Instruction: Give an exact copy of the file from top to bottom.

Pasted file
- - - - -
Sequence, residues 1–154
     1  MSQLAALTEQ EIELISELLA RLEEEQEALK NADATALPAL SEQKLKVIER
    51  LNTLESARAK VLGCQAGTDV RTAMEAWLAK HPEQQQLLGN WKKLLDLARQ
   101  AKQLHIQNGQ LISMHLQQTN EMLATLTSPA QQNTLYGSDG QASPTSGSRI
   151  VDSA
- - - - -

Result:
Sequence, residues 1–154
     1  MSQLAALTEQ EIELISELLA RLEEEQEALK NADATALPAL SEQKLKVIER
    51  LNTLESARAK VLGCQAGTDV RTAMEAWLAK HPEQQQLLGN WKKLLDLARQ
   101  AKQLHIQNGQ LISMHLQQTN EMLATLTSPA QQNTLYGSDG QASPTSGSRI
   151  VDSA